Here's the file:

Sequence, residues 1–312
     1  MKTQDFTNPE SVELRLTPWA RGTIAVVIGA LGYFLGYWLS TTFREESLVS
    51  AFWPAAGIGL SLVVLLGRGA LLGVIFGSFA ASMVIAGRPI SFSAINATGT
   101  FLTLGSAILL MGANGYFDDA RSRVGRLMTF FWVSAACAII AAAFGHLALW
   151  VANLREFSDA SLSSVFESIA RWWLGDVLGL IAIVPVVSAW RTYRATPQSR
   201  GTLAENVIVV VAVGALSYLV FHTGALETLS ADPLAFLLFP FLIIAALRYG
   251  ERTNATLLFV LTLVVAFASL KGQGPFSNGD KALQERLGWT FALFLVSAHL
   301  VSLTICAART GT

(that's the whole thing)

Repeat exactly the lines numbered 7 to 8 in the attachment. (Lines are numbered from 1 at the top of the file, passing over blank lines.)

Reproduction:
   251  ERTNATLLFV LTLVVAFASL KGQGPFSNGD KALQERLGWT FALFLVSAHL
   301  VSLTICAART GT